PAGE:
January 20, 2009

Regarding Immigration

I have the proverbial mixed emotions concerning illegal immigration. I can certainly understand why desperate people would want to find work and I think the workplace raids are harsh, unnecessary, and injurious to families.

But one of the assertions of the the Catholic bishops in regard to immigration (as we now call illegal immigration) is that the control of national borders is a legitmate right, and yet the latest comprehensive immigration reform package offered by the bishops includes "abandonment of the border 'blockade' enforcement strategy".

So I'm scratching my head. How does that follow? I searched the USCCB site and came up with the justification:
Components of reform which are needed include: opportunities for legalization for the undocumented currently living in the United States; temporary worker programs with full worker protections and a path to permanency; and reform of our family immigration system that will allow families to be reunited in a timely fashion. The reforms should be enacted simultaneously so that all aspects of our legal immigration system are addressed. Properly implemented, this reform should alleviate the need for a U.S. border “blockade” policy, which has not discouraged undocumented migration and has driven migrants into dangerous and remote parts of the American Southwest.
Leaving aside the debatable point whether the fence has discouraged illegal immigration or not, let's assume that all the aforementioned reforms were enacted. Would that really stem the flow of illegal immigration? This smells like politics and wishful thinking intruding on the thinking of the bishops. I wish they were less influenced by ideology even though I realize that is something likely impossible since none of us is untainted.

Interesting stats from Zogby, which our diocesan newspaper quoted approvingly: "60% of U.S. Catholics would opppose federal legislation to build a wall along the entire U.S.-Mexico border." (The word 'entire' is telling. It makes the statement sound extreme and thus gather more votes for opposition.) I find the other stat a bit puzzling: 57% of Catholics would oppose "U.S. government assistance and trade policies that would create jobs abroad in order to prevent immigrants from coming here illegally to seek employment." This is the way, it seems, to stem the flow of illegal immigration. Help Mexico become self-sufficient in its own job creation, although it might defy the term 'self-sufficient' to give what probably amount to handouts.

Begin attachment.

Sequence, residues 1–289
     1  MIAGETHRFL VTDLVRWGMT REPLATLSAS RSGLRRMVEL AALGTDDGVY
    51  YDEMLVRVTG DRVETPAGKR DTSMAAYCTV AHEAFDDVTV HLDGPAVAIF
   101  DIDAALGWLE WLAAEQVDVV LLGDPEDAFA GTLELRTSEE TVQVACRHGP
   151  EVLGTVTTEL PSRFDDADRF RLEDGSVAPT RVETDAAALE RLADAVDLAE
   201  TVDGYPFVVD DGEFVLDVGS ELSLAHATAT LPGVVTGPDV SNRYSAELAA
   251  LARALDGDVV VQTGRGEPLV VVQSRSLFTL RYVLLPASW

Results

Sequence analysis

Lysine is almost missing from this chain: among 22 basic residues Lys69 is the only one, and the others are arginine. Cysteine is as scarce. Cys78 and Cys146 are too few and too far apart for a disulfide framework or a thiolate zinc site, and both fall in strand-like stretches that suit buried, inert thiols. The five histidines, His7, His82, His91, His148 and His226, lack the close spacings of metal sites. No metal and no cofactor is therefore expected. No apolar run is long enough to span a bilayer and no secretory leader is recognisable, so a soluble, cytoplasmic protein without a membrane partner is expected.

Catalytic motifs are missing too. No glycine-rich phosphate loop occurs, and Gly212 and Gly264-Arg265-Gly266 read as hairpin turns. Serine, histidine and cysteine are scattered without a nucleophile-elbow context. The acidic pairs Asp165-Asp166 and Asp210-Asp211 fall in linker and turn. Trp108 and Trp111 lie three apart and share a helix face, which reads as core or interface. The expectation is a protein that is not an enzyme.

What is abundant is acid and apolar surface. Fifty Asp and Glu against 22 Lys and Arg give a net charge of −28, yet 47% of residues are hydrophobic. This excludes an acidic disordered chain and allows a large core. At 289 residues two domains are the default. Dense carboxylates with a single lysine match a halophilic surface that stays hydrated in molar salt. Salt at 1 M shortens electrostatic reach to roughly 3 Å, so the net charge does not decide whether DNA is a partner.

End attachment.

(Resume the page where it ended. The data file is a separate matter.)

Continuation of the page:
Illegal immigration isn't something I feel strongly about but I'm interested in the history of how the bishops came to their current statement on immigration. It's entirely possible I simply don't understand Catholic social teaching. But it's hard to imagine Bishop Sheen in 1947 saying that control of borders could be accomplished through a lot of reforms that tacitly suggest no responsibility be placed upon Mexico, its government, or its citizens crossing illegally.

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